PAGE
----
10 Slide 6.10 UDDI main characteristics UDDI provides a mechanism to categorize businesses and services using taxonomies. Service providers can use a taxonomy to indicate that a service implements a specific domain standard, or that it provides services to a specific geographic area UDDI uses standard taxonomies so that information can be discovered on the basis of categorization. UDDI business registration: an XML document used to describe a business entity and its Web services. UDDI is not bound to any technology. In other words, An entry in the UDDI registry can contain any type of resource, independently of whether the resource is XML based or not, e.g., the UDDI registry could contain information about an enterprise s electronic document interchange (EDI) system or even a service that, uses the fax machine as its primary communication channel. While UDDI itself uses XML to represent the data it stores, it allows for other kinds of technology to be registered.
11 Slide 6.11 UDDI Data Structures UDDI also defines a data structure standard for representing company and service description information. The UDDI XML schema defines four core types of information. These are businessentity: a description of the organization that provides the service. businessservice: a list of all the Web services offered by the business entity. bindingtemplate: describes the technical aspects of the service being offered. tmodel: ( technical model ) is a generic element that can be used to store technical information on how to use the service, conditions for use, guarantees, etc.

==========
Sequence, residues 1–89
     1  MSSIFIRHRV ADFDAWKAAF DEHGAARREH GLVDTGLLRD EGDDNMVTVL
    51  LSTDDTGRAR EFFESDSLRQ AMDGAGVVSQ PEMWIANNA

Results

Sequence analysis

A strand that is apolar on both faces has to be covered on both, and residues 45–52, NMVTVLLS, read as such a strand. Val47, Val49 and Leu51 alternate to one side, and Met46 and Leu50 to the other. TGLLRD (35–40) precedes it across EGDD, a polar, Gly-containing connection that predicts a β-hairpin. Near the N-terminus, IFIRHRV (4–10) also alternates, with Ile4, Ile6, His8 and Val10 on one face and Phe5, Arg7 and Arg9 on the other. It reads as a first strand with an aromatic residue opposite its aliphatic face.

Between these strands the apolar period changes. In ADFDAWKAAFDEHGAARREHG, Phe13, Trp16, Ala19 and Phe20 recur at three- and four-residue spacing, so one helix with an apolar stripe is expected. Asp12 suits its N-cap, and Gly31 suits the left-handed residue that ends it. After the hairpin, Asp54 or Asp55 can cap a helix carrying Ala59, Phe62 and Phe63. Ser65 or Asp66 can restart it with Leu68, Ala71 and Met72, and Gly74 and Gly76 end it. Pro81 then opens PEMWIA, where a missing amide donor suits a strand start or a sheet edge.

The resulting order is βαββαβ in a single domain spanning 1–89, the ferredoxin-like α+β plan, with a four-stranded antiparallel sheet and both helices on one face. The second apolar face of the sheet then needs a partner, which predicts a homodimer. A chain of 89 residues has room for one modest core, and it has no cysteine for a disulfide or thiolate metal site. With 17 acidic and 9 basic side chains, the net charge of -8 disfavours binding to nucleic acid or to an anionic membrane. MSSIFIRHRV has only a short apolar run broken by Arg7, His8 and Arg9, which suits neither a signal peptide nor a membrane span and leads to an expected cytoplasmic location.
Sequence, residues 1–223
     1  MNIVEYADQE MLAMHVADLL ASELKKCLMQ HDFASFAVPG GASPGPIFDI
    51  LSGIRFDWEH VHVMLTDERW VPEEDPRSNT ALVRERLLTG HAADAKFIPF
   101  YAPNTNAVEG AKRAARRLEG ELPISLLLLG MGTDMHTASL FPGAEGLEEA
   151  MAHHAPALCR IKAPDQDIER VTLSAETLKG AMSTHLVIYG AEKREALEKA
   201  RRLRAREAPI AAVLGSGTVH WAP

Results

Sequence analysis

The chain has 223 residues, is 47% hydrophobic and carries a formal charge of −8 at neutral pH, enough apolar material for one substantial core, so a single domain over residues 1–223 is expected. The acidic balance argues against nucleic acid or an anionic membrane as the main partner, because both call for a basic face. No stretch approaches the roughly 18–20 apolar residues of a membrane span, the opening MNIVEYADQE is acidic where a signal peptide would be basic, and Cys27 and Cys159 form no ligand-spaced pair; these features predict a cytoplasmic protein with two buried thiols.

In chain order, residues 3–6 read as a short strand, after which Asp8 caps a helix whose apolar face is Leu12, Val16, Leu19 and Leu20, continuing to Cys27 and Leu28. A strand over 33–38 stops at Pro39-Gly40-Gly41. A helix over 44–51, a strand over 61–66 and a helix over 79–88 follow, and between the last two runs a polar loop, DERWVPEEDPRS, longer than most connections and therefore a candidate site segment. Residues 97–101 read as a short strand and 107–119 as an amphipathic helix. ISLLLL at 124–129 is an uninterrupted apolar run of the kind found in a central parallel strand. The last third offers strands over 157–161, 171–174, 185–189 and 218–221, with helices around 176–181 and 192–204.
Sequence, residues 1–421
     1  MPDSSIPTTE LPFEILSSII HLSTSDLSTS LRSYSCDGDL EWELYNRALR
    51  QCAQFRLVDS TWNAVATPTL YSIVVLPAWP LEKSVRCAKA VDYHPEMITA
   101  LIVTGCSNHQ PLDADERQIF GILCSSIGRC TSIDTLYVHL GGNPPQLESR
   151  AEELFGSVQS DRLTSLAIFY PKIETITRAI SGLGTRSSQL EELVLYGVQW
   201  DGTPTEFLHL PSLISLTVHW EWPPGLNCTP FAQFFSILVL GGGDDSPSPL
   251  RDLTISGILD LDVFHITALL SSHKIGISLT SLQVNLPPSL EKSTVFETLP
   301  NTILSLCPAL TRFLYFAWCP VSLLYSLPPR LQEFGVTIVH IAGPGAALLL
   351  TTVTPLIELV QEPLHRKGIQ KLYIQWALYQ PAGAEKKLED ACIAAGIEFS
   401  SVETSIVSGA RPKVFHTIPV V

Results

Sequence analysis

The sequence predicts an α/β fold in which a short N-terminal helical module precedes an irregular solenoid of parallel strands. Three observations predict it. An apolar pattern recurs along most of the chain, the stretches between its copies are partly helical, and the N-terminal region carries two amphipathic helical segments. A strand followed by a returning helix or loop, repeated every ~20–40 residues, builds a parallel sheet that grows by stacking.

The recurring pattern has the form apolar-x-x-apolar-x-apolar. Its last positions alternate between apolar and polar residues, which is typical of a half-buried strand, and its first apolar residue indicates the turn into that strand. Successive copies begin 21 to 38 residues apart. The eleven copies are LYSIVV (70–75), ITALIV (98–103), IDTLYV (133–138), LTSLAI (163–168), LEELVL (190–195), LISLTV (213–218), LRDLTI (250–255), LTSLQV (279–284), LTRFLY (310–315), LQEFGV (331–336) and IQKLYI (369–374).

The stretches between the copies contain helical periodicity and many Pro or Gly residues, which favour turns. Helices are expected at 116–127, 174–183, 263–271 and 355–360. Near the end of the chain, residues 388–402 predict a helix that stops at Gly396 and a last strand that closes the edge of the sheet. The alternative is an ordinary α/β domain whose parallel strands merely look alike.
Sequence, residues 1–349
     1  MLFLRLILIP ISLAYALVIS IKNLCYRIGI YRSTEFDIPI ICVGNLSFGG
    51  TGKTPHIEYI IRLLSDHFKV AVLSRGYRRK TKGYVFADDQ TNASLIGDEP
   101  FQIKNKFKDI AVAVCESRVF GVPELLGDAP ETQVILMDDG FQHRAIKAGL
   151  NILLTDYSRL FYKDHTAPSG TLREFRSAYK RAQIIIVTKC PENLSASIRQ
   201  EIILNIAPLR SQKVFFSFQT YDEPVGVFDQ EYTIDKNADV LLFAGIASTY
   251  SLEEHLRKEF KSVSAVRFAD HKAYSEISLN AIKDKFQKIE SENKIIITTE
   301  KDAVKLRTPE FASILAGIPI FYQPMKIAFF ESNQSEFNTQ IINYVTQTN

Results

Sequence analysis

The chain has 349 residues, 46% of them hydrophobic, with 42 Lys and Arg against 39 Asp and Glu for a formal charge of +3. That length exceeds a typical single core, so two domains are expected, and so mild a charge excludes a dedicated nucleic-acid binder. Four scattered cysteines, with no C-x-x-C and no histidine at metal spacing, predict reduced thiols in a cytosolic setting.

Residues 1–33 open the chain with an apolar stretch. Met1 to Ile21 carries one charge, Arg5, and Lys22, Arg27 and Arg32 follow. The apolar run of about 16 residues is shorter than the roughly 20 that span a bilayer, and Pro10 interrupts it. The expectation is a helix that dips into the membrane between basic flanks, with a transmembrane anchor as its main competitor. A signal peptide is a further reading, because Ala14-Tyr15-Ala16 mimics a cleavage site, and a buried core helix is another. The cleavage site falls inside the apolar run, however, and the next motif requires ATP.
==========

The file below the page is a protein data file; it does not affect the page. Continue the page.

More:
12 Slide 6.12 UDDI Data Structures
13 Slide 6.13 Business entity The generic white and yellow pages information about a service provider is stored in the businessentity data structure.
14 Slide 6.14 Example Business entity <businessentity businesskey="d2300-3aff-.." xmlns = urn:uddi-org:api_v2 > <name xml: lang="en"> Automotive Equipment Manufacturing Inc. </name> <description xml: lang="en"> Automotive Equipment, Accessories and Supplies for European firms </description> <contacts> <contact usetype="sales Contact"> <description xml: lang="en"> Sales Representative </ description> <personname> Reginald Murphy </personname> < usetype="primary"> </ > <address usetype="http"> <addressline> </addressline> </address> </contact> </contacts> <businessservices> <!-- Business service information goes here --> </businessservices> <identifierbag> <!-- DUNS Number identifier System --> <keyedreference keyname="duns Number" keyvalue=" " tmodelkey=" "/> </identifierbag> <categorybag> <! North American Industry Classification System (NAICS) --> <keyedreference keyname="automotive parts distribution" keyvalue=" " tmodelkey=" "/> </categorybag> </businessentity>